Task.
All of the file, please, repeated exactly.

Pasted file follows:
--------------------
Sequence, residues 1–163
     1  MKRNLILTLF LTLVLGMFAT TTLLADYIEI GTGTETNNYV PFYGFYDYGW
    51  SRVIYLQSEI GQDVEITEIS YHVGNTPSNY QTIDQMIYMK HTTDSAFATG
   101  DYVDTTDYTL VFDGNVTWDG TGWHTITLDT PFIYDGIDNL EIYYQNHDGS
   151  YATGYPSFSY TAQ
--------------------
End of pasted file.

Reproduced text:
Sequence, residues 1–163
     1  MKRNLILTLF LTLVLGMFAT TTLLADYIEI GTGTETNNYV PFYGFYDYGW
    51  SRVIYLQSEI GQDVEITEIS YHVGNTPSNY QTIDQMIYMK HTTDSAFATG
   101  DYVDTTDYTL VFDGNVTWDG TGWHTITLDT PFIYDGIDNL EIYYQNHDGS
   151  YATGYPSFSY TAQ